Bringing Forests Back After Oil and Gas Disturbances: An Experiment Testing Emerging Techniques to Grow Trees on Seismic Lines.

S. Nason
Jaime Pinzon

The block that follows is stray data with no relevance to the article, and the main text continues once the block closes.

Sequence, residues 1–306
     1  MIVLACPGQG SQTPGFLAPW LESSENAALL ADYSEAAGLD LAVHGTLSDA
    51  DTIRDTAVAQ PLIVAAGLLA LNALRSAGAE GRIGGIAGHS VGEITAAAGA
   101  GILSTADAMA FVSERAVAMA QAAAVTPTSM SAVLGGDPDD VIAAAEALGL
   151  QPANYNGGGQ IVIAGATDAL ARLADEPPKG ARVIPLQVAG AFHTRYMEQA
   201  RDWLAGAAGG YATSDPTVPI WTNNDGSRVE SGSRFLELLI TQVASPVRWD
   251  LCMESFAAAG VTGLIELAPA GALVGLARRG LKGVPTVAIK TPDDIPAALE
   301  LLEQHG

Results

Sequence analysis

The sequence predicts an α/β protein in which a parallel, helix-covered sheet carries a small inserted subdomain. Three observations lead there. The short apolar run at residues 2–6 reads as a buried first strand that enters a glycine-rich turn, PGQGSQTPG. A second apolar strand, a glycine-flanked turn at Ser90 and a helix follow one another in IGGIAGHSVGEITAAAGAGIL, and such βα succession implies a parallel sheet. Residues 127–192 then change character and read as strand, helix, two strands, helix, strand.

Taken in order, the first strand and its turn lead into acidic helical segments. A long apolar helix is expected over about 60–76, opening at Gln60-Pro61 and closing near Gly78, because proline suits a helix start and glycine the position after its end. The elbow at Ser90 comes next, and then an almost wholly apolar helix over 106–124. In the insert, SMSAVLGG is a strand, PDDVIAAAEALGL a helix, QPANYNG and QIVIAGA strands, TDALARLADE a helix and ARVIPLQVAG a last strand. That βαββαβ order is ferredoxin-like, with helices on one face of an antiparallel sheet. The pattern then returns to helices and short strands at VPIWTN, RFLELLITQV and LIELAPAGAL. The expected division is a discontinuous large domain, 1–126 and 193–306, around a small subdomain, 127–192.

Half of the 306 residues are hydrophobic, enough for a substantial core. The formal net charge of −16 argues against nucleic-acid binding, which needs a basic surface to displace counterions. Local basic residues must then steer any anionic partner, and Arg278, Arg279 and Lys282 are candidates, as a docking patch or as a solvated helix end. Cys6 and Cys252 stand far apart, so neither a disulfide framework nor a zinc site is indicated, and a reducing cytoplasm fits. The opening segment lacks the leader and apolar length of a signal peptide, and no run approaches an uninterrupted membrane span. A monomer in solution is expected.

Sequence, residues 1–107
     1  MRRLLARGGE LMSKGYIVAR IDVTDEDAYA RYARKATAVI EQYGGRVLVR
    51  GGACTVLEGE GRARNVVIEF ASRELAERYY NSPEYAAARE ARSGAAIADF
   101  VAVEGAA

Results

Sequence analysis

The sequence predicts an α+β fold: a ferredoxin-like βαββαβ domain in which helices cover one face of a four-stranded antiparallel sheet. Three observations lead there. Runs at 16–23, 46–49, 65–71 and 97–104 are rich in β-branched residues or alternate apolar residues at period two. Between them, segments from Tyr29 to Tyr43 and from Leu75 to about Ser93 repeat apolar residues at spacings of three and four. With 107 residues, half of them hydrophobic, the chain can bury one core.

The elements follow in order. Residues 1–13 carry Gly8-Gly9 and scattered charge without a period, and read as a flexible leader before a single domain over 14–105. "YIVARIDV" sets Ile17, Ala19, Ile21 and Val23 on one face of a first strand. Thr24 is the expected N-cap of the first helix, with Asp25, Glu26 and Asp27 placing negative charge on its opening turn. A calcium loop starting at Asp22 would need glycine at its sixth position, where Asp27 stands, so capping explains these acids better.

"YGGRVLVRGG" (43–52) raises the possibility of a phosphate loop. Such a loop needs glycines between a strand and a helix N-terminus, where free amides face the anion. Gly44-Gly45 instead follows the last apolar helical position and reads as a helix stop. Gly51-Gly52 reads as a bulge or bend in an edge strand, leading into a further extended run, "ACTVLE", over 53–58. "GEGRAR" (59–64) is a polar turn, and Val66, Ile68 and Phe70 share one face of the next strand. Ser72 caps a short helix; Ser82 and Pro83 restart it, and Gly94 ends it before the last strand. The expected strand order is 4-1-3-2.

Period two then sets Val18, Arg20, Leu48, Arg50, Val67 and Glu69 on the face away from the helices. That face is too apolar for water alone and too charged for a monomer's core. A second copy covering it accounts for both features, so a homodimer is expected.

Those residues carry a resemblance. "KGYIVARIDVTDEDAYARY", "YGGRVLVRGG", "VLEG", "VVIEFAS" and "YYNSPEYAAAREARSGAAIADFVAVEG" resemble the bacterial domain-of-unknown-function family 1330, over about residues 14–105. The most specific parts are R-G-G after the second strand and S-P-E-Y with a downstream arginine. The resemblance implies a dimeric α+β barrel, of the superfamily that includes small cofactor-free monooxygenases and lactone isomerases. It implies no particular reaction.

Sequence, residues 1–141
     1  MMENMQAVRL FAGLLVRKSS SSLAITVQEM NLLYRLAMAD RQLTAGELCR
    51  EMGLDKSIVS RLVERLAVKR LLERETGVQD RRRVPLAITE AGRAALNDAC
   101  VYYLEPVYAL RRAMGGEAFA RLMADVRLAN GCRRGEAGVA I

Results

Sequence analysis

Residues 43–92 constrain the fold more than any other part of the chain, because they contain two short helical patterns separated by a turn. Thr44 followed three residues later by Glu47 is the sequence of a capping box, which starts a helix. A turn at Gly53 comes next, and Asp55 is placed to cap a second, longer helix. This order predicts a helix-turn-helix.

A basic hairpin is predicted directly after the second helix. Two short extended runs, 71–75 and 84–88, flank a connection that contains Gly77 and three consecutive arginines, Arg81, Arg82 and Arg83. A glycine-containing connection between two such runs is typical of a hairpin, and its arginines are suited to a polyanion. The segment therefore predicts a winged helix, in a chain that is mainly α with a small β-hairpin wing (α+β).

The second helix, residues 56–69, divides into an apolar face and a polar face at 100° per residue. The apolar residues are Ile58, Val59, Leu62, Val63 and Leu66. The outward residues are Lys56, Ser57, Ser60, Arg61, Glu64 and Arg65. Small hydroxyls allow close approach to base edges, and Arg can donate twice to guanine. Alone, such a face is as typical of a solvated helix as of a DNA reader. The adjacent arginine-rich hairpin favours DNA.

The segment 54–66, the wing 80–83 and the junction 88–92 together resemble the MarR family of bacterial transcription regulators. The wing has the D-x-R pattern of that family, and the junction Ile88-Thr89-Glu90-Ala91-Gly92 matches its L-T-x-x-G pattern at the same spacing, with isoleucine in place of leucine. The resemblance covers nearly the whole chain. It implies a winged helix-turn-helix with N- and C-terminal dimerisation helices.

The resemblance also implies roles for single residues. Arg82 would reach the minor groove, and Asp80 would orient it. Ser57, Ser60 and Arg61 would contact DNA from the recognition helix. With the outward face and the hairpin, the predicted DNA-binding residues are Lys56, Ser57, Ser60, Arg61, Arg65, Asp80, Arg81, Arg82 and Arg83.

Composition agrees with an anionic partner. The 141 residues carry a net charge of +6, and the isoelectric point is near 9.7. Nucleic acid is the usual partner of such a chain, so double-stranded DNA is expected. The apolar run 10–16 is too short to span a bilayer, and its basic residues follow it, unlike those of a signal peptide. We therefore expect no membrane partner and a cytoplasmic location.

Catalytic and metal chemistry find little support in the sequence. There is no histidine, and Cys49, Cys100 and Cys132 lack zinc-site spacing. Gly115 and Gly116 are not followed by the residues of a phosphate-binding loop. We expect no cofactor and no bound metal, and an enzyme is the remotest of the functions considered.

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This publication discusses the restoration of treed peatlands after disturbances caused by oil and gas activities, particularly in areas where seismic lines have been created. Seismic lines are corridors cut through the forest for oil and gas exploration. When cut through wetlands such as peatlands, the ground of seismic lines often sinks below the water table and becomes very wet, making it difficult for trees and other plants to grow back. Wet seismic lines also harm peatland ecosystems by affecting the flow of ground water, fragmenting habitats, and affecting the many species that live in these habitats. Also, seismic lines allow deer and moose, and their predators (mostly wolves) to access peatlands, leading to a decline in caribou populations. To restore these areas and their biodiversity while reducing wolf access, restoration techniques like soil mounding are commonly used. Mounds are constructed with an excavator and are elevated spots where trees can grow without being waterlogged. The study aims to determine the most effective mound size and planting location for tree growth. The researchers planted black spruce and larch seedlings and are monitoring over time seedling survival, seedling growth, biodiversity, soil conditions, and nutrient levels. Results will help oil and gas companies and restoration practitioners make informed decisions about investing in mound establishment to restore trees, plants, and biodiversity on seismic lines. This plain language summary was generated by artificial intelligence and revised by the CFS.